Film / Assault on Precinct 13 (2005)

A remake of the 1976 John Carpenter film of the same name, directed by Jean-François Richet, starring Laurence Fishburne and Ethan Hawke.

A notorious underworld boss of Detroit is finally captured by the police on the day of New Year's Eve. On his way to another prison, thick snow storms force the bus carrying him, three other criminals and several police officers to take shelter at the now-decommissioned Precinct 13. Over the course of the night, mysterious assailants, eventually revealed to be Corrupt Cops who were in league with the gang boss before his capture, attack the precinct, forcing officers and criminals alike to band together to survive.

This remake contains examples of:

  • Anti-Hero: Guess who?
  • Anti-Villain: Well, as far as Corrupt Cops can get. Captain Duvall aims to kill the Mafia don inside before he can testify to keep his fellow police officers' "honor" preserved. Taken further in a deleted scene, in which he Mercy Kills a very badly burnt SWAT officer after he promises to make sure his family will be taken care of and unaware of the nature of his death.
  • Armor Is Useless: Averted and played straight depending on what the plot calls for. The SWAT gear protects the bad guys from the handgun caliber return fire they're facing from the precinct holdouts, but against commandeered assault rifles, molotov cocktails and a confiscated samurai sword it doesn't do a bit of good. However this is an example of Truth in Television.
  • Bloodstained Glass Windows: Which leads to Bishop getting arrested.
  • Cluster F-Bomb: Being made in the 2000s means that the criminals and officers alike are a lot fouler-mouthed than those in the original.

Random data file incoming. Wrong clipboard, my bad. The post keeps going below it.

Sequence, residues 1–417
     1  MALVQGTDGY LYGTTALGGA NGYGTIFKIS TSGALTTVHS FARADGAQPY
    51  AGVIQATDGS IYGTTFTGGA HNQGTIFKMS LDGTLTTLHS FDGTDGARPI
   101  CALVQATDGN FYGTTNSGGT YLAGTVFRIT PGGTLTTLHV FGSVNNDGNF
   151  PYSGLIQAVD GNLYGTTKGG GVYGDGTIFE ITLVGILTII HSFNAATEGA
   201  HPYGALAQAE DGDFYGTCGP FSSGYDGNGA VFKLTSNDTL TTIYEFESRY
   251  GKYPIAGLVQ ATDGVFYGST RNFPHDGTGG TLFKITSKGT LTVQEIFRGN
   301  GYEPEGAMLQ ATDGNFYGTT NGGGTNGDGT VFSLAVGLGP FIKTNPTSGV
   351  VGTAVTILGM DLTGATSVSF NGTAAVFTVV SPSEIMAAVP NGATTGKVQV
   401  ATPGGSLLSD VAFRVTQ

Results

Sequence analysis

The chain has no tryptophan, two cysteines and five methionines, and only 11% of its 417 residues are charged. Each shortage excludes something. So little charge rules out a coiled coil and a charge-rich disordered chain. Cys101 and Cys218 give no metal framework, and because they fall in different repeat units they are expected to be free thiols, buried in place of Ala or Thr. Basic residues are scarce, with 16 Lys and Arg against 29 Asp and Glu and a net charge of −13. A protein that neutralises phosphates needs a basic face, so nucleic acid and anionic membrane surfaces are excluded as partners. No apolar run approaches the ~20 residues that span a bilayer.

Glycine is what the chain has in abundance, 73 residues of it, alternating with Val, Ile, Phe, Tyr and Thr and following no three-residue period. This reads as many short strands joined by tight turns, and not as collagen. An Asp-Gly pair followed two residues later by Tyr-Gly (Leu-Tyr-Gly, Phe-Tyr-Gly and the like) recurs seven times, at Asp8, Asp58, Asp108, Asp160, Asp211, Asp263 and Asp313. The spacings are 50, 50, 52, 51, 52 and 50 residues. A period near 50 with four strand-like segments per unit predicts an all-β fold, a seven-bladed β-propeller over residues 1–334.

• Corrupt Cop: The antagonists this time around, trying to take out Fishburne's character to ensure they don't get exposed.
  • Death by Sex: Averted, at least in spirit. Sexy secretary Iris is among the survivors of the movie.
  • Defiant to the End: Alex Sabian
    Marcus Duvall: [Kneels in front of a kneeling Sabian] How many are inside?
    Alex Sabian: [Thinking] Uh... 100. [There are actually 5].
    Marcus Duvall: Answer the question.
    Kahane: [shakes Sabian] Answer, bitch!
    Alex Sabian: [stares at Duvall]
    Marcus Duvall: You're a brave woman. [Stands up and shoots Sabian point blank in the head].
  • Detroit: The setting is changed from Los Angeles to Detroit.
  • Hollywood Atheist: Type 1 for Laurence Fishburne.
  • In-Name-Only: Other than the basic idea of a near-abandoned police station under siege by criminals and forcing cops and other criminals to fight side-by-side, the remake essentially is nothing like the original.
    • In a weird variant of Race Lift, the characters of Bishop and Napolean Wilson are basically switched around; the black man becomes the criminal leader and the white man becomes the cop who has to work with the crime lord, whereas in the original Bishop was the cop and he was aided by a white criminal.